Veterinary Science & Technology

ISSN: 2157-7579

Open Access

Gastrointestinal Nematodes in Ruminants: The Parasite Burden, Associated Risk Factors and Anthelmintic Utilization Practices in Selected Districts of East and Western Hararghe, Ethiopia


Dinaol Belina, Abdurahman Giri, Shimelis Mengistu and Amare Eshetu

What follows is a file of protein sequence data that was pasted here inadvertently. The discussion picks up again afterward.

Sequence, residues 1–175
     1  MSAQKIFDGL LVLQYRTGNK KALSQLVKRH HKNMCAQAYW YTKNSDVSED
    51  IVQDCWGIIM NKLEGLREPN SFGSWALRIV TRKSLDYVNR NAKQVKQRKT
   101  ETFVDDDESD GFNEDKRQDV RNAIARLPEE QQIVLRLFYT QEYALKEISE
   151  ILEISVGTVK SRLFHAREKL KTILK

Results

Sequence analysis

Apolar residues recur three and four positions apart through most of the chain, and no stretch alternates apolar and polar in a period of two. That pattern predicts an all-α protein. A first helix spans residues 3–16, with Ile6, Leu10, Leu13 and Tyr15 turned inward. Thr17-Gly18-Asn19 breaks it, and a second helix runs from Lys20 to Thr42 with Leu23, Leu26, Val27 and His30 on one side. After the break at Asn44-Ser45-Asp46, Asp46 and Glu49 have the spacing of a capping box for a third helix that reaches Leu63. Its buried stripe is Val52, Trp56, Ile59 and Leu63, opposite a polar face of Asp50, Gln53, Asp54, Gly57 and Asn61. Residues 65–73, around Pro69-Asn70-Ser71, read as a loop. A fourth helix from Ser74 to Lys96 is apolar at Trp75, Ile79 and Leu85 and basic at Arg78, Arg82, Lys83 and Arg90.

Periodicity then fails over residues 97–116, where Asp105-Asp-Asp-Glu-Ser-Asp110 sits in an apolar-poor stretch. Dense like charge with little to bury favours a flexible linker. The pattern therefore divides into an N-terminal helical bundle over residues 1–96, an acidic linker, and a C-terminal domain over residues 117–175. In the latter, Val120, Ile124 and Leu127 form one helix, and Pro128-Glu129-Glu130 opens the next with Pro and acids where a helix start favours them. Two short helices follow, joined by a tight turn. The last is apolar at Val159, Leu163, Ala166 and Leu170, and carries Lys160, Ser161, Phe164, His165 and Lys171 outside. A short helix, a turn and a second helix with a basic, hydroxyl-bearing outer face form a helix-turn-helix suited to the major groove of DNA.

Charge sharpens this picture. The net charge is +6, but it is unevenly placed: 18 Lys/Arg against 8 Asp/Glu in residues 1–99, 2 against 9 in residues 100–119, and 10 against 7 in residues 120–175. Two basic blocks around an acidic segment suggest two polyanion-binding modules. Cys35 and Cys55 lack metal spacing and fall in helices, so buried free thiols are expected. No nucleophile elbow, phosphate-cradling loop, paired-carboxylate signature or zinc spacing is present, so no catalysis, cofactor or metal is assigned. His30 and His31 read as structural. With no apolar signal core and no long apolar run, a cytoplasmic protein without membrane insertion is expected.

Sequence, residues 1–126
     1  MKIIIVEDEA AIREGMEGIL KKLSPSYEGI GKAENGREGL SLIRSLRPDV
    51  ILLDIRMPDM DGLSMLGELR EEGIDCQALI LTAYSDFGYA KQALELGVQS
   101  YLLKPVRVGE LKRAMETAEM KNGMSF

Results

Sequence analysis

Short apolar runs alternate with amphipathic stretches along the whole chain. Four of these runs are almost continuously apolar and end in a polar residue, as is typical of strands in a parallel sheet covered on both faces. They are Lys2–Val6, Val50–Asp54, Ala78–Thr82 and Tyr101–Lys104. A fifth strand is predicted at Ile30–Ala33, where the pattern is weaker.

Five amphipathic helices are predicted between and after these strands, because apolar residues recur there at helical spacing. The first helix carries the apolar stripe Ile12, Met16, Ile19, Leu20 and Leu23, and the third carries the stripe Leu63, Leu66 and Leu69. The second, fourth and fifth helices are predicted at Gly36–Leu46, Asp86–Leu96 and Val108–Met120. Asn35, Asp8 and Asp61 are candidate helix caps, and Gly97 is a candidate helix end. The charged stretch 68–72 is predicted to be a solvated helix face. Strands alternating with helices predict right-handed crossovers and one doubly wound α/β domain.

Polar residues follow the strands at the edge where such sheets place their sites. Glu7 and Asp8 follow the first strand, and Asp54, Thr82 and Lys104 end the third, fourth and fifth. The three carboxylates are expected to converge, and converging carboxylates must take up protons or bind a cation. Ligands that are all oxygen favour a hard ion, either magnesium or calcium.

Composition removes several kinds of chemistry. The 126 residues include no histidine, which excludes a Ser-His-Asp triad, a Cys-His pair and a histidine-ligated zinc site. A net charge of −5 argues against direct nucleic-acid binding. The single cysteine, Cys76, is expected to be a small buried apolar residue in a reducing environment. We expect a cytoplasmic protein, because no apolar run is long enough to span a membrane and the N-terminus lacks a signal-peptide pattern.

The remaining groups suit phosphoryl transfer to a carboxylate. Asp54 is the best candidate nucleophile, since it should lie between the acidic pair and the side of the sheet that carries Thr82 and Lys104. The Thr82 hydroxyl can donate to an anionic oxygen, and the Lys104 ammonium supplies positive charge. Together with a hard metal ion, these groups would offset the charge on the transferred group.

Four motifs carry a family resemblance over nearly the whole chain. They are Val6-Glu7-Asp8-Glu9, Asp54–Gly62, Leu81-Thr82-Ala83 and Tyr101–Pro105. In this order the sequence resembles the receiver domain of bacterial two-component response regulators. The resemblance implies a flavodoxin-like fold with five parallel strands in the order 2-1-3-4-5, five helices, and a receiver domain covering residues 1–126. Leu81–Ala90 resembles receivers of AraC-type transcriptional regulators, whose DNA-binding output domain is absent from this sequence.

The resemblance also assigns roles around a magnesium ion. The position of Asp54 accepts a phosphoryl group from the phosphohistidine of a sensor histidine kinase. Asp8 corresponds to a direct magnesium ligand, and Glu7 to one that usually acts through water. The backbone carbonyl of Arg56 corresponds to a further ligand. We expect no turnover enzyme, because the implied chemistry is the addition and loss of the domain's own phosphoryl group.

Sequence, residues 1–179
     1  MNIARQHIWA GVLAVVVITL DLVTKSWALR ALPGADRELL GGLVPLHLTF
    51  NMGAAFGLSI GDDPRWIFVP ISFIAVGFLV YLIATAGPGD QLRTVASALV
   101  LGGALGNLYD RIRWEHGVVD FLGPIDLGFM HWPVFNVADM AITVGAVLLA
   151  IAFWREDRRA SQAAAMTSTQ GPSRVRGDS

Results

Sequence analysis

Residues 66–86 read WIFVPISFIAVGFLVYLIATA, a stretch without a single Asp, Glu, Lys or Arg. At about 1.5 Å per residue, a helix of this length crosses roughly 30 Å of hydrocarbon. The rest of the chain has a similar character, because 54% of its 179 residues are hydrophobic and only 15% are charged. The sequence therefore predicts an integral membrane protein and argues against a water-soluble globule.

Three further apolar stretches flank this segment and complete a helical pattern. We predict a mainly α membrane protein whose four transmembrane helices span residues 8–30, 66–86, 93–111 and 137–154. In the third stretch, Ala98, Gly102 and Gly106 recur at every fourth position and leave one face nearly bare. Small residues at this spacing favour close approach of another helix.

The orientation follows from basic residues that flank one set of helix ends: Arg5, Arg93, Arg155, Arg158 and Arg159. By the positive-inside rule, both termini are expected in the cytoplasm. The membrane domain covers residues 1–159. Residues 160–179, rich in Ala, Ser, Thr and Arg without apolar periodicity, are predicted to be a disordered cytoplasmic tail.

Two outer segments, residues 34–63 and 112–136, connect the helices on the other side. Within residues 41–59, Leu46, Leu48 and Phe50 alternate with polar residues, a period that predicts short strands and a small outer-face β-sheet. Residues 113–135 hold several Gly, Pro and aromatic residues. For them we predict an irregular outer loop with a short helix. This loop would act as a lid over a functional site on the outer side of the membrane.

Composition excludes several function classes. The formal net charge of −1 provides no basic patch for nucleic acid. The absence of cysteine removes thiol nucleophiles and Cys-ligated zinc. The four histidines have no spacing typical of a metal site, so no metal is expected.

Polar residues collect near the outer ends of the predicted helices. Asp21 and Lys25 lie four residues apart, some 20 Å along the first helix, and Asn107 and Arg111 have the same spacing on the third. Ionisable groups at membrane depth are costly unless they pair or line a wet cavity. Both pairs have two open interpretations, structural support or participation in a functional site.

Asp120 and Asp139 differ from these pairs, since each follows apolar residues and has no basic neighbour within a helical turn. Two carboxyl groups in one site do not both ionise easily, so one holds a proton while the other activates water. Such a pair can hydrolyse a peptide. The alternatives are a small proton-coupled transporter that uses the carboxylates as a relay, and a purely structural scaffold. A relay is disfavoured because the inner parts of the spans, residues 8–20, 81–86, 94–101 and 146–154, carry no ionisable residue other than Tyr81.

A cross-sectional study aimed to assess major GI nematode, parasite burden and associated risk factors as well as the current practices of anthelmintics utilization was conducted from September 2015 to August 2016 in selected districts of east and western Hararghe zones. In the study faecal samples were collected from randomly selected 768 ruminants’ (cattle, sheep and goats) and coprological examinations and EPG techniques were employed. The study result indicated occurrence of GI nematode has statistically differences (p<0.05) in all considered risk factors: age, sex, species, body condition and origin of animals and overall prevalence was 51.3% (394/7680). The infection rate was higher in ovine (63.33%) species than in bovine (36.84%) and caprine (52.67%). The current study also revealed the major GI nematodes at the study areas were Strongyle type (16.15%), Haemonchus (13.67%), Oesophagostomum (11.07%), Strongyloides (3.91%) and Trichuris (1.05%), whereas 5.47% (42/768) was recorded as mixed nematode infection. Questionnaire survey in this study indicated majority of the respondents had poor to no information on economic importance GI nematode (71.67%) and anthelmintic drugs utilization (83.61%). Albendazole, Tetramisole and Ivermectin are the commonly available anthelmintics for GI nematode infection treatment at our study area. On the other hand, about 35.83% of animal owners had free access to drugs from general shop (nonprofessional traders) and 24.17% (87/360) had used traditional medicinal plants of unknown doses. The study revealed that high prevalence of nematode infection in ruminates and majority of the people in the study area lack awareness on economic importance of GI nematode though they had free access to anthelmintics with no understanding of drug resistance. Therefore, there should be detail awareness creation and the need of further investigation to develop control and prevention strategies.


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